It was the night she had waited almost eight years for; a victory she had worked toward her entire adult life. Last week, to the thundering applause of thousands of supporters; and, as millions tuned-in electronically in America and around the world—the ceiling with 18 million cracks left in 2008 and the millions more added this year– the impenetrable glass ceiling finally came tumbling down.
Clinton enthusiastically, yet graciously, accepted her party’s nomination for President of the United States and became the first woman in the nation’s history to know the awesome impact of that recognition and to feel the magnitude of that honor.
During the course of the campaign Clinton’s successes and failures were publicly litigated. During the convention, her intellect and political acumen, both national and international, was apprised; while her strategic hope for the future of the country was tugged forcefully from center right to borderline progressive by her primary opponent.
On that special Thursday evening as Clinton morphed from primary candidate to general election favorite, she was reintroduced to America. The nation learned of Clinton’s passion for public service; they saw her as the compassionate friend; a politician with a heart; and possibly most important of all, as a loving daughter to her mother; a doting mother to her daughter; and an adoring grandmother.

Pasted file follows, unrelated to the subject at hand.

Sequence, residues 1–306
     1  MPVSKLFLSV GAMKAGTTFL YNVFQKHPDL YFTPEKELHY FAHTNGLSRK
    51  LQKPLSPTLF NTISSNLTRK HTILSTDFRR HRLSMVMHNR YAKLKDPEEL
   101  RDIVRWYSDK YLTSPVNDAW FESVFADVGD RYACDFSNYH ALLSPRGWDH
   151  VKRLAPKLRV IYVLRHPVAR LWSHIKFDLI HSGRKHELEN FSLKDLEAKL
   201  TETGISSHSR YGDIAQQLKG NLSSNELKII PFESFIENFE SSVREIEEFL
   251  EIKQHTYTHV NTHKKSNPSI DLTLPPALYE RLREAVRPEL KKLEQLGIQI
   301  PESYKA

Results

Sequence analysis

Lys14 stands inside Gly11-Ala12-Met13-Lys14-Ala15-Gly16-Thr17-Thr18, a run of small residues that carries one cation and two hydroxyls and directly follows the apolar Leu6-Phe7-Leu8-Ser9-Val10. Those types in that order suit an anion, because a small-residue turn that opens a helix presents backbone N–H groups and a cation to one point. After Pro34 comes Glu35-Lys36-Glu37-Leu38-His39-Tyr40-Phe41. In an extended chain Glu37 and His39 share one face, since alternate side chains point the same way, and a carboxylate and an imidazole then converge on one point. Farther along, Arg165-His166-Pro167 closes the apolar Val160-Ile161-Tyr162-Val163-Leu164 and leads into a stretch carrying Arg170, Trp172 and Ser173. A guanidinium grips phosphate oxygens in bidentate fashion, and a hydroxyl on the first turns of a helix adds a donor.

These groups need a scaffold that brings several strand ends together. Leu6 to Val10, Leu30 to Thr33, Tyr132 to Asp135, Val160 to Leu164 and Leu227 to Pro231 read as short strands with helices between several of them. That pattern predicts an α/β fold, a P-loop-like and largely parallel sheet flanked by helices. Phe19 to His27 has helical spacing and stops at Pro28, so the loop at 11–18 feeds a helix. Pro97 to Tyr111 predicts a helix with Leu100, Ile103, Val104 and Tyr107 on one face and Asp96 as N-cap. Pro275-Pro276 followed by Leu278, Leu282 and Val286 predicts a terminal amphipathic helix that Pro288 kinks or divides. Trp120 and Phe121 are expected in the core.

Although her acceptance speech did not wax poetic (that was hardly the expectation), she successfully pulled people in with her ideas and enthusiasm. She reminded everyone that the type of future Americans want will take hard work. She also stressed that sometimes the hard work will take time to yield results. She invited the nation to join her in doing the hard work required to build a better tomorrow for our children and grandchildren-reminding the nation we are better together. “Let us plant a seed in a garden we will never live to see.”